#MakeLAWBETTER: An Overview of Legal Innovation
On February 1st, 2019, Iowa’s Innovation, Business and Law Center hosted Professor Dan Katz, from the Chicago-Kent College of Law, for a presentation on “Legal Innovation” as part of the IBL Technology for Lawyers Series. Professor Katz is an academic, scientist and entrepreneur in legal technology. Professor Katz gave an overview of how innovation is making changes to the legal industry.
Professor Katz introduced a central problem facing the legal industry: that legal services are often not a great value for clients. For example, law firms traditionally operate by providing the time and expertise of a lawyer in exchange for money. This arrangement has left gaps in technological and operational investment, in part, because law firms have prioritized being subject matter experts over these other areas. These gaps mean clients do not always receive the best value for their services. Professor Katz presented examples of law firms that have recognized the gap in technological and operational investment and are making strides to improve. Professor Katz also gave examples of high-tech companies, startups, and consulting companies that are bringing innovation to the industry.
Artificial intelligence (AI), analytics, blockchain, and other technology that claim to provide improved legal services are areas of rapid growth. These technologies allow attorneys to optimize services to clients. For example, several companies make AI tools for the legal context, such as tools for finding relevant documents in discovery (i.e. e-discovery). There are also open source projects to create AI tools for law firms. As these tools and technologies are improved, it becomes easier and cheaper for other actors in the legal industry to adopt to bring more value to clients. Cheaper technological options will make it easier for tools to exist in highly specialized fields and provide more access to legal services for those who may have had trouble affording legal counsel in the past .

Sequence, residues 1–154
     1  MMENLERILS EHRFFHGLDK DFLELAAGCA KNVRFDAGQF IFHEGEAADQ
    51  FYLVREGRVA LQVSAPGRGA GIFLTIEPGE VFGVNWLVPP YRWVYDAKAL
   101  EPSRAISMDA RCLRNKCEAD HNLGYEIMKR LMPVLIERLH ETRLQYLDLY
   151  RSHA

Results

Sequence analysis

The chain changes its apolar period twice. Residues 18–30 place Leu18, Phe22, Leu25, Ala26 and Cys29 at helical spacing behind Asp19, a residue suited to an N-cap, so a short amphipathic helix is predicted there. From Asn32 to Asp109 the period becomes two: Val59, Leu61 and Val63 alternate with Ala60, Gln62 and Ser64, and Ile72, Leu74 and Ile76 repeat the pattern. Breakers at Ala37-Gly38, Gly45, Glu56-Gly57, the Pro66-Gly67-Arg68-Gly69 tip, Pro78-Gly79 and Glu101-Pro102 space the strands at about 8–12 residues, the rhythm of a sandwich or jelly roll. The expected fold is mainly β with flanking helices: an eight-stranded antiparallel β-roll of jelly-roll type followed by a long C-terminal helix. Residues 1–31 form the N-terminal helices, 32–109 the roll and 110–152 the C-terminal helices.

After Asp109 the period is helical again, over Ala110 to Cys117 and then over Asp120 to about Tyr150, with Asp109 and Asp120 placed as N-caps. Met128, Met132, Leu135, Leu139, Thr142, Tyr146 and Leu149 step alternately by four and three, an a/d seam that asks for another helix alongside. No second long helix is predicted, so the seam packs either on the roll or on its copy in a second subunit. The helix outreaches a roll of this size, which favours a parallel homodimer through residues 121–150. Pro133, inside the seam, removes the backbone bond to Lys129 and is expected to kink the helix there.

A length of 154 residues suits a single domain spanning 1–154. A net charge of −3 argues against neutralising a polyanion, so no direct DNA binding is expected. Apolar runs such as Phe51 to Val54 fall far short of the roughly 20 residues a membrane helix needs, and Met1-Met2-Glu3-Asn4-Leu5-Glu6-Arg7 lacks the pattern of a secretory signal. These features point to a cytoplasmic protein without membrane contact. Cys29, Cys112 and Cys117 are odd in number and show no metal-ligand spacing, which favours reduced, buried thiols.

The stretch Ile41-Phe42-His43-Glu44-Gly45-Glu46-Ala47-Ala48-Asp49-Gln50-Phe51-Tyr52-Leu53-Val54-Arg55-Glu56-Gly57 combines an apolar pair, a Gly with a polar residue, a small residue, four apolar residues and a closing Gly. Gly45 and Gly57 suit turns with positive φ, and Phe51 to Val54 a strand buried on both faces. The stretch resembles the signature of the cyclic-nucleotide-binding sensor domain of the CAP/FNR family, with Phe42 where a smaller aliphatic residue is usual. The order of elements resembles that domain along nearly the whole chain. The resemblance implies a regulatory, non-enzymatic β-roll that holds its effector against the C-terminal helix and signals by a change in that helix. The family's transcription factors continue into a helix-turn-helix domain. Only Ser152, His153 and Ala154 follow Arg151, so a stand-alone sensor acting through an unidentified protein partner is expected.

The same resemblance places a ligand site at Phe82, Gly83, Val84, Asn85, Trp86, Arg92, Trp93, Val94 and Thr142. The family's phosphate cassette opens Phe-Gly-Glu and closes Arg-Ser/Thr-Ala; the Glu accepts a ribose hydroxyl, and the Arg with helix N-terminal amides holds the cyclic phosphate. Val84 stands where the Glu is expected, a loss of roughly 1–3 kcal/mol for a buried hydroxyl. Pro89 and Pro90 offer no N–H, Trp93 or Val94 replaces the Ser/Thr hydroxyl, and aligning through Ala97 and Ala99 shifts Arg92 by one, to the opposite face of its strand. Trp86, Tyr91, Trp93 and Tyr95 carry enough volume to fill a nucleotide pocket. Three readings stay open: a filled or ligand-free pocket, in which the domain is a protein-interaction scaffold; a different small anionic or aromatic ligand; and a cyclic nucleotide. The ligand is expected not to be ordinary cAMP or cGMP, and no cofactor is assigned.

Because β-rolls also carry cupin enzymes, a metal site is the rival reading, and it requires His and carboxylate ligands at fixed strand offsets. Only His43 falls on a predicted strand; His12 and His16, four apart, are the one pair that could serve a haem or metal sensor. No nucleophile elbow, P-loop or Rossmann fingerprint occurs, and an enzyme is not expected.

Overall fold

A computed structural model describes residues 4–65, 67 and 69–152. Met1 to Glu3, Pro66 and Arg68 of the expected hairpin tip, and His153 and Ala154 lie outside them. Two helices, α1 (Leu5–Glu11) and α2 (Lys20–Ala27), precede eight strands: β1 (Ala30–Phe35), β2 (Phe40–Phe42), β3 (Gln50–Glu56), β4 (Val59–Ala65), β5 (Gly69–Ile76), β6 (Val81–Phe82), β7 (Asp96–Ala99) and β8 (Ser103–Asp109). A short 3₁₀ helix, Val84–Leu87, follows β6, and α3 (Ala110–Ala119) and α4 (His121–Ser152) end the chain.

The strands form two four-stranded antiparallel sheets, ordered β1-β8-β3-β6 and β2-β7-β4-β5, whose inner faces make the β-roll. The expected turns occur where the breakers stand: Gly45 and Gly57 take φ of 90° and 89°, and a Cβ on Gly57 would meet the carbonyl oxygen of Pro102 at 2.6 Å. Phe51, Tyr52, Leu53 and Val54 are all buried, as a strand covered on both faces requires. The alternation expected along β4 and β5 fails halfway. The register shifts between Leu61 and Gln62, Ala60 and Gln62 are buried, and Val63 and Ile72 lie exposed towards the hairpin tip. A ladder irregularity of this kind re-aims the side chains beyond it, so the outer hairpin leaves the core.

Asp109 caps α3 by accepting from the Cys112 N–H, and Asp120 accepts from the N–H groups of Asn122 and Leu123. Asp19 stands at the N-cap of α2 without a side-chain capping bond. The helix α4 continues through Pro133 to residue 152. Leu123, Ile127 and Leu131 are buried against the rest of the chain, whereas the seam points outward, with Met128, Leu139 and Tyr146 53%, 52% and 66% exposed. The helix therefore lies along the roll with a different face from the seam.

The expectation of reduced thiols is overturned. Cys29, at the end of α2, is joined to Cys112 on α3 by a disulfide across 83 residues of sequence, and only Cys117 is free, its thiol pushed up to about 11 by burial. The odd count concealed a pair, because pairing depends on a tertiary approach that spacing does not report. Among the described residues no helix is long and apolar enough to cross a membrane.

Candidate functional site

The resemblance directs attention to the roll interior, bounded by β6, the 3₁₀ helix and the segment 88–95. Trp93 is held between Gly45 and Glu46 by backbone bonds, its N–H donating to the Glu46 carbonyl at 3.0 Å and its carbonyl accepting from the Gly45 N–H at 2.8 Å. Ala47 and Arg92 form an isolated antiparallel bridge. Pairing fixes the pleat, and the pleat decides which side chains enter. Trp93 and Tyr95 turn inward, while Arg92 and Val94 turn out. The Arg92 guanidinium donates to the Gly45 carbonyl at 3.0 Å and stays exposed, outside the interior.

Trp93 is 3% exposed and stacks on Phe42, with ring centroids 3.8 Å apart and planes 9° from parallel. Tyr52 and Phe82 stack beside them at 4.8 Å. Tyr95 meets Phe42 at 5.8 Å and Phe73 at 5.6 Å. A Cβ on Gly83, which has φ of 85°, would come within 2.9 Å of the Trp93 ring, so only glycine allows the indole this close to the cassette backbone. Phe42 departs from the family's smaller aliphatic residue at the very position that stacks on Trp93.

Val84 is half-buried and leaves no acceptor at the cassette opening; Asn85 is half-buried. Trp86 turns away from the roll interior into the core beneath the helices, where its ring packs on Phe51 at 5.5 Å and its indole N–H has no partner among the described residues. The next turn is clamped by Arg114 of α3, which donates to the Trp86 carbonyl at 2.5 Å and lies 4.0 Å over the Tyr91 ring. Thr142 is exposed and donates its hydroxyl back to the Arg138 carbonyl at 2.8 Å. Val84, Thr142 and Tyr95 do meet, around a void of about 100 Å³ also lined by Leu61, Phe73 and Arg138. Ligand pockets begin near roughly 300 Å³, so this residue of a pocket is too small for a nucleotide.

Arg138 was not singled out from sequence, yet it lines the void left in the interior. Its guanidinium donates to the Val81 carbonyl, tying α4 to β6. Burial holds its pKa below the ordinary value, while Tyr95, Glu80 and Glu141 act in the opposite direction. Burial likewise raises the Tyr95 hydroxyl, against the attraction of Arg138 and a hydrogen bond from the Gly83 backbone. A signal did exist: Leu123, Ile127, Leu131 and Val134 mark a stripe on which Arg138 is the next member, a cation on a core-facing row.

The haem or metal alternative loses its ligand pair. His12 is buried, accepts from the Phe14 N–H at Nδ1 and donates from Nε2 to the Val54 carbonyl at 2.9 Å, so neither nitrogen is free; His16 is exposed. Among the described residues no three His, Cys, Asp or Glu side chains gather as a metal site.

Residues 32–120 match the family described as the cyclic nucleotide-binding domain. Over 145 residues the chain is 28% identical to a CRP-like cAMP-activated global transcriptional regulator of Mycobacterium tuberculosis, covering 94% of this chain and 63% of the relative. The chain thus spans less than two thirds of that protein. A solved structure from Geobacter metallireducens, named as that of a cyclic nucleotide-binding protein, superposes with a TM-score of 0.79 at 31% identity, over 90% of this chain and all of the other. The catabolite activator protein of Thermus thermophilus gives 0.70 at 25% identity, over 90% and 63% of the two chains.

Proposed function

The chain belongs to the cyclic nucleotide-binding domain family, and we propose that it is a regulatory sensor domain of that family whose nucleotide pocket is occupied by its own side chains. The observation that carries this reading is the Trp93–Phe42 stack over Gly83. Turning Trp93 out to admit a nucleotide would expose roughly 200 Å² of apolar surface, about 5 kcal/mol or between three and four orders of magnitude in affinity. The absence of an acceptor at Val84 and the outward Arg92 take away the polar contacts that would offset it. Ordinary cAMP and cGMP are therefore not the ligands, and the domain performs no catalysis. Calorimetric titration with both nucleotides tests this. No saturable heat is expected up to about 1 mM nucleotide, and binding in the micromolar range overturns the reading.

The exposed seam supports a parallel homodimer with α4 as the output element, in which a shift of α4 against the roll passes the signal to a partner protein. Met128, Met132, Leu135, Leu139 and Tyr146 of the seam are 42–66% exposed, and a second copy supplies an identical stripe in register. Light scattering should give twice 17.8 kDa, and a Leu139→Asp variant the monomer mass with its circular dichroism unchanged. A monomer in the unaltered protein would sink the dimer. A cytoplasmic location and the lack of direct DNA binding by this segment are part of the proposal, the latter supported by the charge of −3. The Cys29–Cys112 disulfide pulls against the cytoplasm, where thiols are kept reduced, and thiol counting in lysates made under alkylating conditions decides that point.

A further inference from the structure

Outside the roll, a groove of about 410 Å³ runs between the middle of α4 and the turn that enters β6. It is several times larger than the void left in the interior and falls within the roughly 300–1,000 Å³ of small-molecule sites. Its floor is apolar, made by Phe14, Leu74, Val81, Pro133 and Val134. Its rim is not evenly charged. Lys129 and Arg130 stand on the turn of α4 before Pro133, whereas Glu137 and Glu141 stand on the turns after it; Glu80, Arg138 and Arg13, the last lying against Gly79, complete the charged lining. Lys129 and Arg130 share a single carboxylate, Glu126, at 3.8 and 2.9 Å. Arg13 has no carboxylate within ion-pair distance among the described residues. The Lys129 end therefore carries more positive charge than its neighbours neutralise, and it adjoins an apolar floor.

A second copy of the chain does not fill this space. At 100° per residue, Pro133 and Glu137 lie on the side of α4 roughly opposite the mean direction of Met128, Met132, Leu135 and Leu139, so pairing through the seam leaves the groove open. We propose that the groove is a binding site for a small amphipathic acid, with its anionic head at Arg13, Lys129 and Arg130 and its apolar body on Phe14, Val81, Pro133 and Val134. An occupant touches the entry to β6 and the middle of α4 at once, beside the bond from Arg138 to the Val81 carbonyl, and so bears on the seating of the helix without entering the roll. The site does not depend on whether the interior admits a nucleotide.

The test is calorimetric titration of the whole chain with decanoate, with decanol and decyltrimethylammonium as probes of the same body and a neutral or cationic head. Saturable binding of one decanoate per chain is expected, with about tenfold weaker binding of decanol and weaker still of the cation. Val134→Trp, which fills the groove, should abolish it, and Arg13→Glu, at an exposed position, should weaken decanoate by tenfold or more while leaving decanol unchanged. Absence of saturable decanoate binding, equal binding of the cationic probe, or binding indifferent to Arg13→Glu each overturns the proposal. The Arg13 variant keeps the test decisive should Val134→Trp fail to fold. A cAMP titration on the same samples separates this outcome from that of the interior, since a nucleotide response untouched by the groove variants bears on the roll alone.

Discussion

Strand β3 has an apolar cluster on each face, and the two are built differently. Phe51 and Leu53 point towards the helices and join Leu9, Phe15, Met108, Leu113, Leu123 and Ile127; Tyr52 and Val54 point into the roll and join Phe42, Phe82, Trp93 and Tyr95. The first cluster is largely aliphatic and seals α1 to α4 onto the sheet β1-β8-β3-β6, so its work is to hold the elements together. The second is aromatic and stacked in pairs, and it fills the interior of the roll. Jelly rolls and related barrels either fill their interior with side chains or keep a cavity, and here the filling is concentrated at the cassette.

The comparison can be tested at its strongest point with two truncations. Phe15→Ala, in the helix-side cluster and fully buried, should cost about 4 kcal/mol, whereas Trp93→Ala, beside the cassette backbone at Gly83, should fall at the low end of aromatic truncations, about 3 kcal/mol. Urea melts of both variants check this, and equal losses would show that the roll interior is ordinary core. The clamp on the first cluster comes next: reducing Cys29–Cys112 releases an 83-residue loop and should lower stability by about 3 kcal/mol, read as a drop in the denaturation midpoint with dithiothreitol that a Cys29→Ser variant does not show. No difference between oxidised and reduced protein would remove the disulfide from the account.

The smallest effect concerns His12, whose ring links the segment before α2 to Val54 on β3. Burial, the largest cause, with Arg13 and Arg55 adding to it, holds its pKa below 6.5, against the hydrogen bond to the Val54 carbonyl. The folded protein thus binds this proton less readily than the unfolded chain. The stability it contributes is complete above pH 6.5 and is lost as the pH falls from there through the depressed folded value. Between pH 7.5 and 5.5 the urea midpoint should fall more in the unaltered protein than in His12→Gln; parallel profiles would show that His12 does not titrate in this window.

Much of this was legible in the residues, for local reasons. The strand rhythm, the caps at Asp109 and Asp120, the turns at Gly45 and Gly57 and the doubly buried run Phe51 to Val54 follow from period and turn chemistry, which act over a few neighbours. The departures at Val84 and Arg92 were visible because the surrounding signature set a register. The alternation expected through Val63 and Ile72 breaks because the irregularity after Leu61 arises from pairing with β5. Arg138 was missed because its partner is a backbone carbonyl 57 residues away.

Legal innovation is also more than just legal technology. For example, a current area for legal innovation is in process and operational improvements. Applying "lean thinking," "six sigma," and other process improvement methods to the legal industry have the potential to provide massive efficiency gains. These operational improvements will also help provide greater value and transparency to clients.
Professor Katz also presented some issues that are limiting legal innovation. For example, law is a relatively small industry with limited access to capital as compared to other industries. This problem may limit the investment capital that is available to fund tools within the specialized field within the law. There are currently professional ethics rules that prevent the sharing of legal profits with non-attorneys. These rules, along with the partnership structure of law firms, make it difficult for law firms to invest in technology. Professor Katz said reconsidering those ethics rules, specifically for law firms with large corporate clients (and sophisticated in-house counsel), may allow for more investment, and therefore more value, for these clients. Overall, Professor Katz was optimistic about the future of legal innovation even with the challenges actors currently face.
For more information on legal innovation from Professor Katz, visit the following locations: